Wednesday, August 8

a cog in the machine

New York is a machine, on many levels. We all follow rules and expect certain things, from either the city itself or from our fellow New Yorkers. It may seem chaotic to those who haven't lived here, but we have very clear systems here, almost an etiquitte.

For example, when we ride the subway we (usually) step aside to let people get on and off. We move our cars so the street can be cleaned. We have complicated relationships with grocery shopping and schlepping that no one else can comprehend. (Dare I even broach that subject?) The way the city works keeps things moving. In exchange for our city manners, we expect certain things in return. From inside our ways and rules keep the busy city dependable and systematic.

The problem is, sometimes those systems break down. Like, the electricity goes out all over the city. Or a steam pipe explodes. Or maybe the public transportation employees go on strike. And then we, resourceful New Yorkers that we are, try our best to find a new system. We adapt.

Today was one such day. Our disaster? A thunderstorm.

This wasn't just a little lightning, a little thunder. No. This storm was a battle overhead, tearing down trees and ripping off roofs. Even Dinah was disturbed and curled herself next to my head. By the time I got up, at about 7am, the rain had stopped, but almost 3 inches had fallen in the prior hour and a half, and the subways were flooded.

I left the house at about 7:45, heading to Franklin Avenue subway. A crowd was gathered outside the station on their cell phones. Inside, another crowd listened to an MTA employee about subway delays. The 2, 3, 4 and 5 trains weren't running to Manhattan. I bumped into my neighbor, who suggested that we take the S to the A. We waited for the S for a while before he said he was going to take a cab.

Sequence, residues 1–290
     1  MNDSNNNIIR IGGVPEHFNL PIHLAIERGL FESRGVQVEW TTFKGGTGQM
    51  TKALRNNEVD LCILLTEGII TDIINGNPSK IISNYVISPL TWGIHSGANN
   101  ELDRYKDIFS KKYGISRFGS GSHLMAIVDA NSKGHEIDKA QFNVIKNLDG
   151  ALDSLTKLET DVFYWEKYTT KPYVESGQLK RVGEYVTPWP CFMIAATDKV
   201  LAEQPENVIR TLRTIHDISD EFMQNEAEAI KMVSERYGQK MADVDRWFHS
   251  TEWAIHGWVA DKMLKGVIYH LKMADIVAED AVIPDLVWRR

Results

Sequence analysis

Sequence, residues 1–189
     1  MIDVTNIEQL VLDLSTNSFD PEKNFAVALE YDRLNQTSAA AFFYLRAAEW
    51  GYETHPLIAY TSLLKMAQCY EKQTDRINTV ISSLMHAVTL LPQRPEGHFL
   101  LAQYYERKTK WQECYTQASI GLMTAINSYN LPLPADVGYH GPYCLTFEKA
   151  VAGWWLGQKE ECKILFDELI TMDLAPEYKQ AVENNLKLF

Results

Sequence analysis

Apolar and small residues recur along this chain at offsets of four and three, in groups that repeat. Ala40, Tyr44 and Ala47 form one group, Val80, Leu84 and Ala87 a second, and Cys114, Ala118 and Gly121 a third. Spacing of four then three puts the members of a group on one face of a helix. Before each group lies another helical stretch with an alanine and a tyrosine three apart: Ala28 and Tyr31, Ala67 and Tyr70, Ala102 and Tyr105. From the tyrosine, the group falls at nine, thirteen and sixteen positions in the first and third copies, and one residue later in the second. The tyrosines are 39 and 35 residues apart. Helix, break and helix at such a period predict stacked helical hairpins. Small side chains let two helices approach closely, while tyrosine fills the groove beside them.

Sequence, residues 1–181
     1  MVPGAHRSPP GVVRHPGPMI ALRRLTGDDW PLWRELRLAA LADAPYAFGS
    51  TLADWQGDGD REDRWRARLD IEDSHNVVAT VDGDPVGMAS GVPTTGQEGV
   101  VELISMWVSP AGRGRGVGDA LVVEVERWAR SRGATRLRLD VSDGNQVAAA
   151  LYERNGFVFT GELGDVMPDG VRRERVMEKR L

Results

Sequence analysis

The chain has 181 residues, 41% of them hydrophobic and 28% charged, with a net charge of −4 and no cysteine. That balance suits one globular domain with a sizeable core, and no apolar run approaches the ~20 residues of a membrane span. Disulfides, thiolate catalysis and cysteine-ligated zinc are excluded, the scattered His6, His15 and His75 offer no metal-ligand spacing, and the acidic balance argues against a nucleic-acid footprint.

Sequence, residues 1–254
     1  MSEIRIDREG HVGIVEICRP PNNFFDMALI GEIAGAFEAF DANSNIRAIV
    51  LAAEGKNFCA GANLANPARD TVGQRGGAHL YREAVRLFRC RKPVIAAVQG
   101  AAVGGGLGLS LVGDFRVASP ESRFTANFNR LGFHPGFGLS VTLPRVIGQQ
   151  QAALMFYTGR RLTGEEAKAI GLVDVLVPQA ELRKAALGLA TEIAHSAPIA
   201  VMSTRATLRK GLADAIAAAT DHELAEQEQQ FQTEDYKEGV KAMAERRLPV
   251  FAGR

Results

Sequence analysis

I gave up and decided to walk to the Q, joining hundreds of other people on foot. Each station I passed was the same situation: groups of people looking confused, talking on their cell phones. The Q was also down. Rumor was that the D was running from Atlantic/Pacific, so with no other options, I walked down Flatbush to that station.

For those of you who don't know the geography of Brooklyn, the distance from Franklin Ave to Atlantic is about a mile and a half. It's downhill and really not so bad, except that today it was sort of like walking through a jungle. Very humid and, even at 8am, about 85 degrees. In any case, it wasn't much fun and I was tempted to pop into various stores along the way to cool off. Sweat was rolling off of my face and I could tell that my t-shirt was soaked where my backpack rested on my back. None of that really mattered anymore; I concentrated on the cold ice coffee that I would find for myself when I got to my destination.

Here is what I encountered at Atlantic Ave: Confusion, more heat, tighter crowds. The good thing was that the trains were indeed running there, and after a short wait I managed to pack myself into a D. Three stops later I was at my destination. The time? 9:30am.

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